The ill-lit classrooms had no glass in the windows and no plaster on the walls. Unconnected to any source, electricity wires hung like jungle vines from concrete ceilings. The children, crowded behind simple wooden tables, wore neatly pressed uniforms and expressions warm enough to melt a mountain frost.
“This isn’t as bad as I expected,” I said to Jamie, as we sat on Esper in the slipway, waiting to be hauled out.
He didn’t bother to reply. We were coming to a rolling boil in the midday heat, and any attempt at conversation or movement was painful. Millie lay on the floor in the saloon with ears twitching. She began to pant and stared up at me through the hatch. What hell-hole have you brought me to now? she seemed to be saying.
It’s always hot, and often wet in the tropics. At certain times of the year I really miss England’s seasons. There is no spring in India, the months segue from winter to summer here. Kerala is at its hottest in April and May, when pre-monsoon steamy white heat reduces the tumbling torrent of Cochin’s street-life to a dried up trickle. Tourists are the only fools to go out in the midday sun. Even the mad dogs sleep.
This morning, Nazar brought his whole family to the marina to say goodbye. He has been our constant companion since we arrived in Cochin, taking us on endless shopping trips, keeping us topped up with beer and wine, coming out to the beach at Kuzhipilly with us, and finding parts and services for all our boaty needs. We have eaten in his tiny home on many occasions: fish curry and spicy vegetable dishes cooked by his wife, Sakina, and mother, Beema.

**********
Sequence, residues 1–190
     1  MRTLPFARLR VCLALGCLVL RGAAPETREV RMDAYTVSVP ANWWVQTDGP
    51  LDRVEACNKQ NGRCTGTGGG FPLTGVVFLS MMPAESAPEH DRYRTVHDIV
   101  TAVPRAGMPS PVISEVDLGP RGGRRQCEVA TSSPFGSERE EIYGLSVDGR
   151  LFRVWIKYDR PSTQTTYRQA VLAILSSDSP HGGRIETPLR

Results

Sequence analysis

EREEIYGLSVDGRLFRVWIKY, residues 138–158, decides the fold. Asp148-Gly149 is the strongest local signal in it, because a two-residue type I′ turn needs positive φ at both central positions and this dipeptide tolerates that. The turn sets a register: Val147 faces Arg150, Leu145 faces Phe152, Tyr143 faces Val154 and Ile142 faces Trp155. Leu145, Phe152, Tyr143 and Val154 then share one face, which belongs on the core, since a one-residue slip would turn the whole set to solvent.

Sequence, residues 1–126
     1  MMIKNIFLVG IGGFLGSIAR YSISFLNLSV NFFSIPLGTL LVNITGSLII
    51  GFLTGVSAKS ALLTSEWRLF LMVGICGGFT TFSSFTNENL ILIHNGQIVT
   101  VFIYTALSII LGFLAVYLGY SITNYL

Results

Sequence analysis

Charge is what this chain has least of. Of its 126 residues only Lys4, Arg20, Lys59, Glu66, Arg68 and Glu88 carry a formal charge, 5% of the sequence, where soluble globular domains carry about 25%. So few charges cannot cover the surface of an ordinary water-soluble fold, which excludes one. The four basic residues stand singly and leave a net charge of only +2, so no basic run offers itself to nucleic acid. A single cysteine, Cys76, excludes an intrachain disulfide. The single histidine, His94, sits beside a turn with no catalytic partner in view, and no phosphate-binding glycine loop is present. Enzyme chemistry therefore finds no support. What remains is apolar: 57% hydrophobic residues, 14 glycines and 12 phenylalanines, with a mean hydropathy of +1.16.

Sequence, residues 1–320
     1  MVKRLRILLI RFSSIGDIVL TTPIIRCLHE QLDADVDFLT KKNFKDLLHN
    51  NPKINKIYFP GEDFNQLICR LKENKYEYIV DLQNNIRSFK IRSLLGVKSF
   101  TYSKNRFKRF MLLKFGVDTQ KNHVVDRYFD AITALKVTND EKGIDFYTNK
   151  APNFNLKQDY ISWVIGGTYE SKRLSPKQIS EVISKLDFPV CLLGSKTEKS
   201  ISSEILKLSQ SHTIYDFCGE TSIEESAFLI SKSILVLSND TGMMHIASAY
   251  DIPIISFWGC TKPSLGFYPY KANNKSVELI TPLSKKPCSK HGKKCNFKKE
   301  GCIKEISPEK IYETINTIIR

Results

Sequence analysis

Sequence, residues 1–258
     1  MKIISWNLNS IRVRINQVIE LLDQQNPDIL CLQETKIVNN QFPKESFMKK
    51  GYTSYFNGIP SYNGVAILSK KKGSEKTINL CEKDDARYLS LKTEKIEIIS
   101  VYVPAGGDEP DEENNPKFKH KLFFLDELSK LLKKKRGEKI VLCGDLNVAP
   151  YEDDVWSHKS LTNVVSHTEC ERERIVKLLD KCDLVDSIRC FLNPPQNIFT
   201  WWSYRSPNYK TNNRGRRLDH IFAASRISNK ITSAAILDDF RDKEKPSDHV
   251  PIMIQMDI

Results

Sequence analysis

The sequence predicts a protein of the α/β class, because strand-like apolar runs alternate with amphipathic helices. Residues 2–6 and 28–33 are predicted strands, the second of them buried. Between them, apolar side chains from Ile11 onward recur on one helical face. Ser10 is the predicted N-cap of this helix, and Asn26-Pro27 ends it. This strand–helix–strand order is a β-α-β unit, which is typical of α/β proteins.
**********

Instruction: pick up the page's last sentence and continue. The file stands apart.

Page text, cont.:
“I am Chella Duri, I come from Tamil Nadu,” translated Saji. “I look after my master’s goats on this land. Now I call them for the night. I sleep here with them.” The goats milled around us, nibbling the wall, the grass, my feet, the path, everything.
Jamie asked what was wrong with his foot.
“I broke it on a stone while climbing.” We could see blood stains on the rag. Jamie wondered why he had not seen a doctor. “I earn 4000 rupees (around £46) a month, and that is all for my family. There is nothing left for doctor.”
Cochin has the highest density of Christians in India, and is dotted with cathedrals and churches. In a parody of our high streets back home, the roads are rammed with fevered shoppers, their faces consumed with the business of Christmas. The crowd scoops me up and funnels me into an alley, where I bash my ankles on rough wooden nativity scenes strewn along the ground.
Over the past year, the clean-up operation in Fort Cochin has been at fever pitch. Walls covered in peeling posters of political candidates, good only for goats to chew on, have been revitalised; mould has been scrubbed away and been replaced by murals, artist graffiti and bold colours.
The result of all this activity? An enormous, blank(ish) canvas across the city for Indian and international artists to exhibit their work and create site-specific installations. It is crazy, unexpected, colourful and electric: don’t miss it.
To the north, a utilitarian concrete bridge flies down from the mainland onto Bolgatty’s eastern shore, races across to the other side, then takes off towards neighbouring Vypeen island. A community of Harijans (aka ‘Untouchables’) has made its home under the bridge on Bolgatty, leaning bits of corrugated metal up against the bridge’s concrete piles and, covering them with plastic sheets and old rags.
A wide and well-tended path stretched upwards to the main group of buildings. We had walked into another country: there were no plastic bottles, crisp wrappers, bright blue tangles of frayed nylon rope, plastic bags, sweet wrappers, turds or stinking puddles anywhere. Just nice green grassy borders either side of the well-trodden path, and a hand-built wooden stairway.